We have described three patients with Lyme arthritis who developed ocular borreliosis. In the group of patients examined by us, this represents a frequency of 4% which is the same as that found in American children with Lyme arthritis.9 Whereas the American children developed keratitis however, the clinical manifestations in the German children were more varied and included intermediate uveitis and anterior uveitis, in addition to keratitis.

Keratitis, occurring in the absence of live spirochaetes and being associated with the deposition of antigen-antibody complexes, is a late manifestation rarely seen in children9 and in adults with Lyme borreliosis.3 Although several types of keratitis have been associated with Lyme borreliosis, peripheral ulcerative keratitis with abundant neovascularisation, as seen in patient no 2, seems characteristic.25 In patient no 2, keratitis occurred after successful antibiotic treatment of Lyme arthritis. Although corneal scars may occur, the treatment of choice is topical corticosteroids.4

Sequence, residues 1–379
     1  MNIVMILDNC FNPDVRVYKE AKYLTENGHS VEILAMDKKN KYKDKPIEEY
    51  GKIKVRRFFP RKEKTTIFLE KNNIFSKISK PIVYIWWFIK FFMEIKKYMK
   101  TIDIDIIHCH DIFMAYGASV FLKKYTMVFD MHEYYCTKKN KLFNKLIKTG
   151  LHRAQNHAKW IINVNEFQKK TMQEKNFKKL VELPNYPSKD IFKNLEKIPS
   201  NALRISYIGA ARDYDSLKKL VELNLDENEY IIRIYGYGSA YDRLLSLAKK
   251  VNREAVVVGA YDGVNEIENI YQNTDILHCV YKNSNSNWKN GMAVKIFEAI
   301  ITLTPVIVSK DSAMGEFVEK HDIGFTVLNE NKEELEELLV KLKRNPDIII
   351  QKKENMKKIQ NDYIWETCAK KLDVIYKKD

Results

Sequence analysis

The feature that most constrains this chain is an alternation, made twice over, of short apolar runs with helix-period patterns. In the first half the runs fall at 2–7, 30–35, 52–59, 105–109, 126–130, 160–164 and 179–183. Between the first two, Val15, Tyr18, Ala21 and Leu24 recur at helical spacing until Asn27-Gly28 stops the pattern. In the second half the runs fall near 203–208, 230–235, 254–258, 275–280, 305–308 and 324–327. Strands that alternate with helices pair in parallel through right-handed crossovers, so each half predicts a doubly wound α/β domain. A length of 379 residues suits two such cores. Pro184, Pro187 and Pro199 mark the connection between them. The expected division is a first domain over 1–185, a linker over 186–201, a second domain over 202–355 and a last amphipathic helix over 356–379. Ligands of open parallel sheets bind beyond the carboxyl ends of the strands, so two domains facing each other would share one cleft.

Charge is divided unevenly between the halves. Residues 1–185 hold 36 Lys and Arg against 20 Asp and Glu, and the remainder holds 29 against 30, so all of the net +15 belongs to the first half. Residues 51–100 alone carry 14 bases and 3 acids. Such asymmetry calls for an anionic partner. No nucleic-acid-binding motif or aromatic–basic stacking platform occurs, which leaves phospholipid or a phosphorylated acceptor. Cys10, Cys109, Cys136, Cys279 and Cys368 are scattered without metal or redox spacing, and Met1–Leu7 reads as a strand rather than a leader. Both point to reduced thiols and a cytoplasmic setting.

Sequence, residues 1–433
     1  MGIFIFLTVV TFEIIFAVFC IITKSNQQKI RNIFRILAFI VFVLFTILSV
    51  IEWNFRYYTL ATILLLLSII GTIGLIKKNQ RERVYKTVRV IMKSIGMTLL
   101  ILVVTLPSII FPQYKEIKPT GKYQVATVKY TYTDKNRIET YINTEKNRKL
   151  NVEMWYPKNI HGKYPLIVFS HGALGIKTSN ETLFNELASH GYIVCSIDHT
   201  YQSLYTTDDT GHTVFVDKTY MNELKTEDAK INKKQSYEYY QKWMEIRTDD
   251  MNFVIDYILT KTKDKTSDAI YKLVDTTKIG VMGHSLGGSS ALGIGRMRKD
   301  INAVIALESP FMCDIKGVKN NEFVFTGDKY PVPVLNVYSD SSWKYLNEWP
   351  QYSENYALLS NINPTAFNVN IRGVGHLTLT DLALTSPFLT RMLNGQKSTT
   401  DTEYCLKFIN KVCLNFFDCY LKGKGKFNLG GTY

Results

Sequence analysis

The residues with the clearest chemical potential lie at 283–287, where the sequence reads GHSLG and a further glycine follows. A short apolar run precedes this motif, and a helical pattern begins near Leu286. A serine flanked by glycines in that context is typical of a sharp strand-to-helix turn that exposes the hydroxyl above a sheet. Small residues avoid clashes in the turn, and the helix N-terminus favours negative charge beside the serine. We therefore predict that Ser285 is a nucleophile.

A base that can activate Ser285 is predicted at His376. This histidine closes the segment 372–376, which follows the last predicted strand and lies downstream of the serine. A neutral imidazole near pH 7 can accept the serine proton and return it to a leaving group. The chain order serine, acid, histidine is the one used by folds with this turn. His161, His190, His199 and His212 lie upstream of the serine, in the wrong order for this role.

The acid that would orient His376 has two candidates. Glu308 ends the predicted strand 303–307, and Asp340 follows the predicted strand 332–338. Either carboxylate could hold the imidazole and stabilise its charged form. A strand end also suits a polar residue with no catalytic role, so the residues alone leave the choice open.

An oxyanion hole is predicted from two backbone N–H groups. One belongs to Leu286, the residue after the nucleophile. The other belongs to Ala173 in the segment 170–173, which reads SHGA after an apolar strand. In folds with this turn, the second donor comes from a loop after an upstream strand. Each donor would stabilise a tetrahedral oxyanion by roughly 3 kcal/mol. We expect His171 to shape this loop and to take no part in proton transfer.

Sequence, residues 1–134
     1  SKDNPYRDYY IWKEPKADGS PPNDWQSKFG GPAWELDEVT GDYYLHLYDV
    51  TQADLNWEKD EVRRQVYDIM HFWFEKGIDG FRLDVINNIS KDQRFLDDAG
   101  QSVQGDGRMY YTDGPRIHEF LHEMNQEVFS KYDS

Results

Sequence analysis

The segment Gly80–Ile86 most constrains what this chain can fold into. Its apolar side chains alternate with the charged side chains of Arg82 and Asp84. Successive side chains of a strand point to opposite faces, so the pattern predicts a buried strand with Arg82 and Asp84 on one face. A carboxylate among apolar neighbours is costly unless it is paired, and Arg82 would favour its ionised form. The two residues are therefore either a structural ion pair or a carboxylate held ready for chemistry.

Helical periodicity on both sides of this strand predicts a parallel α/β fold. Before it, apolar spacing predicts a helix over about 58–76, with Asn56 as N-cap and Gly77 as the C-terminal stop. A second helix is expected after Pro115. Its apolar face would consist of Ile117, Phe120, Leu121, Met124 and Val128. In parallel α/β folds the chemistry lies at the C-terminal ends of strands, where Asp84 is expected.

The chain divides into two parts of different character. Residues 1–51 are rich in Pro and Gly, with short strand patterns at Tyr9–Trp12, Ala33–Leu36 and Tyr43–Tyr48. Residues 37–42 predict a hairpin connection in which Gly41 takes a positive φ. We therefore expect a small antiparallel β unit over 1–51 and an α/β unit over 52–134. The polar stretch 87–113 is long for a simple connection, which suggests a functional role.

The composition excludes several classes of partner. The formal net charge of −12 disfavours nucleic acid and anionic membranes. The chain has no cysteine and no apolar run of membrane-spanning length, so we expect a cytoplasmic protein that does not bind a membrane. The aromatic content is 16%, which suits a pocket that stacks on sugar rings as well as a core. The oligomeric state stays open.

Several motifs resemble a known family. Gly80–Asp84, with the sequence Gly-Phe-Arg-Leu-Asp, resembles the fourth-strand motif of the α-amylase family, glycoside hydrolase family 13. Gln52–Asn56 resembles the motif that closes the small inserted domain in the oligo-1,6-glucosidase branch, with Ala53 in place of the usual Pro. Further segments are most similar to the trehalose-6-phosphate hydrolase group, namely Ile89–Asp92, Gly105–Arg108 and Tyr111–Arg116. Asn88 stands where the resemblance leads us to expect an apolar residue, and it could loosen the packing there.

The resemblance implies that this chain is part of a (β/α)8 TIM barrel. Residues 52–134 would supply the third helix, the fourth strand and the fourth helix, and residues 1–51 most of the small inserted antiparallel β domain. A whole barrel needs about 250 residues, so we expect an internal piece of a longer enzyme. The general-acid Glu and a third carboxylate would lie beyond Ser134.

Intermediate uveitis due to infection with B burgdorferi is also rarely seen in children.11 12 14 In adults, Lyme borreliosis has been described as a cause of intermediate uveitis with vitreitis.3 4 Recommended treatment includes the use of antibiotics and good results have been reported with intravenous ceftriaxone.26 The recommended dose of ceftriaxone is 50 mg/kg body weight although larger doses have also been used. As seen in patient no 1, however, visual acuity may remain diminished after inflammation has abated.